Our ocean’s floors are already home to over one million kilometres of subsea telecommunications cables as part of an infrastructure that has grown over a century or more. Submerged at depths of up to 8,000 metres, subsea fibre optic cable systems are unseen yet vital to the world economy. They are the enabler of our communications and information flow – the internet, text, emails, social media connectivity – supporting it all.
As testimony to the capability of this subsea cable infrastructure, just take a look at the spaghetti bowl of fibre optic cables operating in the Indo-Pacific region. For example, there is the SEA-US cable system, linking Indonesia, the Philippines, Guam and the United States including Hawaii and Los Angeles. The SEA-US system is 15,000 kms in length and was planned and engineered to bypass areas in Asia that are prone to earthquakes and seismic shifts enabling stable connectivity.
Further to that, VOCUS has just announced the Darwin, Jakarta, Indonesia cable system, operational as of only a few weeks ago. Strategically relevant cables such as Digicel and the Coral Sea Cable, are just a few of the operational cables in the Pacific Islands, with more slated in the near future.
Many often sight the issues related to security of supply, when considering the issue of electricity provided through subsea cable systems, and while this is a very important issue, and requires another article in and of itself, it is certainly insightful to consider how many fibre optic cables have been operational for decades, with limited disruption from natural events or bad actors.
Hindsight shows that today’s vital fibre optic cables only proliferated when governments put in place international legal frameworks to resolve issues of transit rights, cable protection, freedom to lay cables and the right to send traffic through international networks.
At present, intergovernmental cooperation on fibre optic cable project development includes the UNESCAP Asia-Pacific Information Super Highway (AP-IS). Established in 2016, the UN-led region-wide intergovernmental platform is an initiative which seeks to identify and bridge gaps in the largely subsea fibre optic cable networks that form the backbone of Asia-Pacific’s internet infrastructure.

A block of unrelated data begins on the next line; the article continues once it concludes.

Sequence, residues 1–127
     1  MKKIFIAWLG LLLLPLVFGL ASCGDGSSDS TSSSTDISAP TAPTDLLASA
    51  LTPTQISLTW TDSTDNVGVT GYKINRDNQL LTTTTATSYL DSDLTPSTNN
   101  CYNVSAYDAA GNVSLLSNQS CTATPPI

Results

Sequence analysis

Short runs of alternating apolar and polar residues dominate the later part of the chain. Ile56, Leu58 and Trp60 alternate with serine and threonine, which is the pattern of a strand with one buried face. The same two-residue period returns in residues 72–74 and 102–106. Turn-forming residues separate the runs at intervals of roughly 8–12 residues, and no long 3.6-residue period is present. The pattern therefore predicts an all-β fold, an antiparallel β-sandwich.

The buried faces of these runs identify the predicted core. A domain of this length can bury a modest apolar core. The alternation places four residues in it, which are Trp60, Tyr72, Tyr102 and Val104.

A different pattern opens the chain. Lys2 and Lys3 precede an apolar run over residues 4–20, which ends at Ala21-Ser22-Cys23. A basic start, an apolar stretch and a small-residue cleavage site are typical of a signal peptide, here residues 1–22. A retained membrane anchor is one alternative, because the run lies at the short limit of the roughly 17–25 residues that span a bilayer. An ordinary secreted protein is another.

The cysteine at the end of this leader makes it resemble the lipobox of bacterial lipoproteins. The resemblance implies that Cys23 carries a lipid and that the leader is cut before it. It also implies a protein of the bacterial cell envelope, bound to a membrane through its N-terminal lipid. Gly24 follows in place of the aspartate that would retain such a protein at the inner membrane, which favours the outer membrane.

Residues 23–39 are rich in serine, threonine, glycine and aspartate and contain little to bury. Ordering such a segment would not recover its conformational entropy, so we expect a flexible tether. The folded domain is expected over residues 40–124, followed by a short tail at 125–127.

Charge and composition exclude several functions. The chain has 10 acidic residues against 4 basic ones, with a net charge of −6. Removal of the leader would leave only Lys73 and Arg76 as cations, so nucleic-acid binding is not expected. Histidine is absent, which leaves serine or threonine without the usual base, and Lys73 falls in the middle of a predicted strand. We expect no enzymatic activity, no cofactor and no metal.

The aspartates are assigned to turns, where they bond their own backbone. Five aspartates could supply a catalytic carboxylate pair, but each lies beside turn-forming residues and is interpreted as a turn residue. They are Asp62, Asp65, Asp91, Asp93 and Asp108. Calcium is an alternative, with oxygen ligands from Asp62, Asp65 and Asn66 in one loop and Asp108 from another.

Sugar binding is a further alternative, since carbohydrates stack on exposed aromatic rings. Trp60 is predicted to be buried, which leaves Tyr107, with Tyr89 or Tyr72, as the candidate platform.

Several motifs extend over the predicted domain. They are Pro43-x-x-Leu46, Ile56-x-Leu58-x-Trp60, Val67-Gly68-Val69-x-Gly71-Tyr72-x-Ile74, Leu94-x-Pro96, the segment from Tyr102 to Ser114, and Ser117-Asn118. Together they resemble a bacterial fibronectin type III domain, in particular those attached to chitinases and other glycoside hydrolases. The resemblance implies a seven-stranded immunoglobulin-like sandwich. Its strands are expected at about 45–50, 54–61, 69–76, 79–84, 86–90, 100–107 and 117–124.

Cross-border HVDC projects – especially those intended to facilitate trade in renewable electricity and resulting global decarbonisation – will similarly flourish with government cooperation on areas such as grid harmonisation, renewable energy certificates and carbon accounting.
Such initiatives reflect the understanding that commercially led projects rely on international regulatory and policy actions that are within the remit of governments to implement, without which the building of existing telecommunications infrastructure would not have been possible. The HVDC sector needs a similar approach, and quickly.
There are compelling reasons to move with speed and at scale. Energy, like telecommunications and the internet, is a vital public commodity directly correlated to economic inclusiveness and growth. Large, interconnected power systems will play an important role in the decarbonisation of industries and economies, providing access to cleaner sources of renewable energy. As the global power system becomes increasingly dependent on cross-border transmission, HVDC links will correspondingly increase in importance to global energy supply and security.
That can happen right here in our Asia Pacific region. One of the very first fibre optic cables, and indeed the first communication link between Australia and Europe, commenced in Adelaide and ran through Powell Creek in the Northern Territory to land in London. The cable is more than 20,000km long - half the circumference of the earth - and nearly 15,000km of it beneath the ocean.
Setting up the technical and regulatory dimensions of cross-border energy trading is more complex than in the case of fibre optic links, due to an array of standards and generation capacities as well as uneven demand across economies.
The relative complexity makes it all the more necessary for governments to work together to enable the growth of an industry that is likely to prove as strategically important as the telecommunications one it follows.
Georgie Skipper is a founding member of the Green Grids Initiative (GGI) and GGI Asia Pacific Working Group. She is a Visiting Scholar and International Faculty Fellow at MIT Sloan School of Management in Cambridge, Massachusetts. Georgie was the Senior Adviser to the Foreign Minister of Australia from 2013-2018.